Frequent strong explosive activity continued during January 2017. For the first three weeks of the month, the multiple daily plumes rose to altitudes of 4.6-7.6 km, drifting in multiple directions, some as far as 135 km. The UEPCC reported that at 0027 on 18 January a moderate-to-large explosion ejected incandescent material as far as 2 km onto the W, SW, SE, and N flanks. Based on webcam and satellite images, the México City MWO, and pilot observations, the Washington VAAC reported that during 18-24 January ash plumes rose to altitudes of 4.1-6.7 km and drifted in multiple directions. On 19 January, strong explosions were recorded by the webcam and noted by the Jalisco Civil Protection Agency (figure 128); they also reported ashfall in Comala and Cuauhtémoc. A strong thermal anomaly was identified in satellite images. Remnant ash clouds from the explosions were centered about 350 km SE on 20 January. A large ash plume rose to an altitude of 10.7 km on 23 January and drifted NE; several plumes that rose to over 7 km altitude were reported through the end of January. MODVOLC thermal alerts were issued on 11 days during January, but no further alerts appeared through June 2017.

Figure (see Caption) Figure 128. Eruption at Colima at 0431 on 19 January 2017. Courtesy of Sergio Tapiro.

The CUEIV-UdC reported that a large explosion at 1732 on 3 February 2017 generated an ash plume that rose 6 km above the crater rim and drifted SSW (figure 129). The Washington VAAC reported the plume at 7.6 km altitude (3.7 km above the crater) shortly before midnight on 4 February. The CUEIV-UdC also noted that a small pyroclastic flow traveled down the E flank. Their report stated that the internal crater was about 250 m in diameter and 50-60 m deep; previous lava domes had been destroyed in late September and mid-November 2016.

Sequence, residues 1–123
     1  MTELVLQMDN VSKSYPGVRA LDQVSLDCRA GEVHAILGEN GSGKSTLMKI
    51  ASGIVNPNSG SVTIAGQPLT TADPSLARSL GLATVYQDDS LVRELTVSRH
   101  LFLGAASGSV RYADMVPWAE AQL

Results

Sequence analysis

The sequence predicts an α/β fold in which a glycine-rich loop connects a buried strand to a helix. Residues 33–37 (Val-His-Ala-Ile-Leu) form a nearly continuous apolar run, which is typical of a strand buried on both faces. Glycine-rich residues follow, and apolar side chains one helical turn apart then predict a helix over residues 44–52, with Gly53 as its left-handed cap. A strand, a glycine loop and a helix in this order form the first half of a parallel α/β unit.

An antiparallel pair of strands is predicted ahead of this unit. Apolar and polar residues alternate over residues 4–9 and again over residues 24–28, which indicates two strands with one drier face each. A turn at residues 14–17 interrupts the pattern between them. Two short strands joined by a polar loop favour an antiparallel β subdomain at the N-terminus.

Figure (see Caption) Figure 129. An explosion at Colima on 3 February 2017 caused an ash plume that the Universidad de Colima reported as rising to six km above the crater, drifting SSW. A small pyroclastic flow descended the E flank. Image from the Webcams de México Colima webcam located at the Laguna de Carrizalillos in Comala, about 25 km SW of the summit.

A brief period of low-intensity explosions during 10-16 February 2017 generated ash plumes reported by the Washington VAAC at 4-5.2 km altitude. There were no further aviation alerts issued during February. According to CUEIV-UdC, a few low-intensity explosions occurred during 3-16 March. The ash plume on 7 March rose about 2 km above the crater and drifted SW. During an overflight in the middle of March, researchers from CUEIV-UdC noted degassing from small explosion craters on the floor of the main crater; there was no evidence of effusive activity or growth of a new dome. After the middle of March, seismicity steadily decreased; CUEIV-UdC reported landslides every week through June, but no additional ash emissions were reported.

The MIROVA radiative power plot of the MODIS thermal anomaly data clearly shows the thermal activity at Colima during September 2016-February 2017 (figure 130).